On the other hand, it may be difficult for the United States to mount a national interest argument for committing to back a Taiwanese forceful eviction of Chinese presence from a small islet there, especially if the occupation had been quick and bloodless. Doing so would risk being perceived as escalating and pushing the region toward a general war. A more likely U.S. response would be some level of economic sanctions against the PRC — but even Washington might struggle domestically to mobilize a full-scale trade embargo over a tiny unoccupied islet. Meanwhile, the PRC would retain and normalize the new foothold, reconnaissance outpost, and potential future staging post.
PLA propaganda has clearly signaled the military’s interest in Penghu. Yet, given the archipelago’s proximity to Taiwan — as well as the islands’ long-term administrative status as part of Taiwan — a Chinese island seizure operation in the Penghus would likely prompt ROC resistance. Still, with dozens of uninhabited islands to choose from, a Penghu operation would be preferable to an attack on Kinmen, the populated islands in the Matsu archipelago, or Taiwan’s main island.
If successful, it would represent an outsized material advancement toward control of Taiwan in a way that seizure of other island groups discussed earlier would not. Even a tenuous presence in the archipelago would provide the PLA with enhanced intelligence and reconnaissance in the area to underpin an eventual confrontation of ROC forces there, as well as a potential staging post for any attack on the main island.
Compared with an outright invasion or full-press blockade of Taiwan’s main island, “gray-zone” seizure of an ROC-held outlying island is arguably a much more likely cause of a crisis in the Taiwan Strait in the 2020s. The PRC’s intent to “reunify” Taiwan is clear, but the absence of serious invasion attempts in recent decades attests to Beijing’s professional respect for the ROC military and caution at the prospect of escalation and U.S. intervention. Absent a major authoritative reappraisal of American power and resolve, the United States’ prospective involvement will likely continue to deter the PRC from taking any actions as clear-cut as a cross-Strait invasion. Yet, as this paper has laid out, Beijing has an array of more viable options to advance its position below that threshold. And unlike invasions or blockades of Taiwan, the PRC has successfully seized offshore islands from the ROC before, such as the Yijiangshan and Dachen Islands in 1955. Policymakers and strategists on all sides of politics in Taiwan, the United States and elsewhere need to carefully consider how they might respond to such contingencies.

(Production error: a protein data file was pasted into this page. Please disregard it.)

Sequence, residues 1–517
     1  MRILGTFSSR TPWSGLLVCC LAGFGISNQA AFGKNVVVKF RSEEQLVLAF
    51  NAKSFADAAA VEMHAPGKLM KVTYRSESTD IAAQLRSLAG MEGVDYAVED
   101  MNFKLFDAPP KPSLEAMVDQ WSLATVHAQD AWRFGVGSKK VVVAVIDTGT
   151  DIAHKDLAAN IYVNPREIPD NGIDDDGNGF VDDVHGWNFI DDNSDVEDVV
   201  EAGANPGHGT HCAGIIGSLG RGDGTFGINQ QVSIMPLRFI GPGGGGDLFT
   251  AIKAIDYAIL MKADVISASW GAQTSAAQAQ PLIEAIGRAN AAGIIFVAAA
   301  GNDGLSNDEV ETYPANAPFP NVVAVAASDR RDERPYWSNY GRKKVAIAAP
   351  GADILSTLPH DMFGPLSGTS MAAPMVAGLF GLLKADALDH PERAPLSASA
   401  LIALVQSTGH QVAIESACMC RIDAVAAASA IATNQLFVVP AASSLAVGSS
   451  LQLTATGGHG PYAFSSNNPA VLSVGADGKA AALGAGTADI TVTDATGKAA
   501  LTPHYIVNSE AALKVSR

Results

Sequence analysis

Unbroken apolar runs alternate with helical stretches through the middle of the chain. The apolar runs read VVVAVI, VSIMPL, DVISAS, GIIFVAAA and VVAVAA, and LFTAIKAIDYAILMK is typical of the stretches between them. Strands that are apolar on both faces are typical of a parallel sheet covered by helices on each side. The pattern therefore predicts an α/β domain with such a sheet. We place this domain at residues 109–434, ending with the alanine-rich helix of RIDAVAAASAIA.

Mobilizing an effective international response to such an operation would be far more difficult than it was following Vladimir Putin’s unambiguous invasion of Ukraine in February 2022. Whereas Russia rolled columns of tanks across clearly demarcated boundaries in a manner recognizable as an invasion to audiences the world over, China could send state or nonstate actors across short stretches of water to bloodlessly occupy islands that Taiwan itself regards administratively as Chinese territory — and located far closer to China than to Taiwan on a map. Such prospects should be particularly concerning given that control of many of these offshore islands may be necessary steps toward any eventual PRC military takeover of Taiwan. The PLA’s limited operational experience, particularly in amphibious operations, suggests that it is likely to engage in probes well before any invasion of the island of Taiwan.